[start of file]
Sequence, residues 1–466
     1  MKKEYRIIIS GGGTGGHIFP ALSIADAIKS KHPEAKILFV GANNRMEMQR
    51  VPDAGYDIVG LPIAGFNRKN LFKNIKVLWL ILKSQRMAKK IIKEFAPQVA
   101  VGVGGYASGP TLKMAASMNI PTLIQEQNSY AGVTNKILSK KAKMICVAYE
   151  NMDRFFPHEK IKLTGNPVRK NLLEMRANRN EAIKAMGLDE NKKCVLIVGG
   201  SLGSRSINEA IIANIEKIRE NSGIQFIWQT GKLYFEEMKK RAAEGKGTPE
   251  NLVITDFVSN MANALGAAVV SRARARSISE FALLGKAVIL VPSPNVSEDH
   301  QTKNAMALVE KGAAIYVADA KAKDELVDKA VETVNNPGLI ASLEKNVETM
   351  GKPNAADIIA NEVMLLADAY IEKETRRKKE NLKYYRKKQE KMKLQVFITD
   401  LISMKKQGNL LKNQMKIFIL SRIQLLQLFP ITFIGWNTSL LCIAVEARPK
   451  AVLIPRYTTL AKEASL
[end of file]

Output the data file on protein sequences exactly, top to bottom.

Sequence, residues 1–466
     1  MKKEYRIIIS GGGTGGHIFP ALSIADAIKS KHPEAKILFV GANNRMEMQR
    51  VPDAGYDIVG LPIAGFNRKN LFKNIKVLWL ILKSQRMAKK IIKEFAPQVA
   101  VGVGGYASGP TLKMAASMNI PTLIQEQNSY AGVTNKILSK KAKMICVAYE
   151  NMDRFFPHEK IKLTGNPVRK NLLEMRANRN EAIKAMGLDE NKKCVLIVGG
   201  SLGSRSINEA IIANIEKIRE NSGIQFIWQT GKLYFEEMKK RAAEGKGTPE
   251  NLVITDFVSN MANALGAAVV SRARARSISE FALLGKAVIL VPSPNVSEDH
   301  QTKNAMALVE KGAAIYVADA KAKDELVDKA VETVNNPGLI ASLEKNVETM
   351  GKPNAADIIA NEVMLLADAY IEKETRRKKE NLKYYRKKQE KMKLQVFITD
   401  LISMKKQGNL LKNQMKIFIL SRIQLLQLFP ITFIGWNTSL LCIAVEARPK
   451  AVLIPRYTTL AKEASL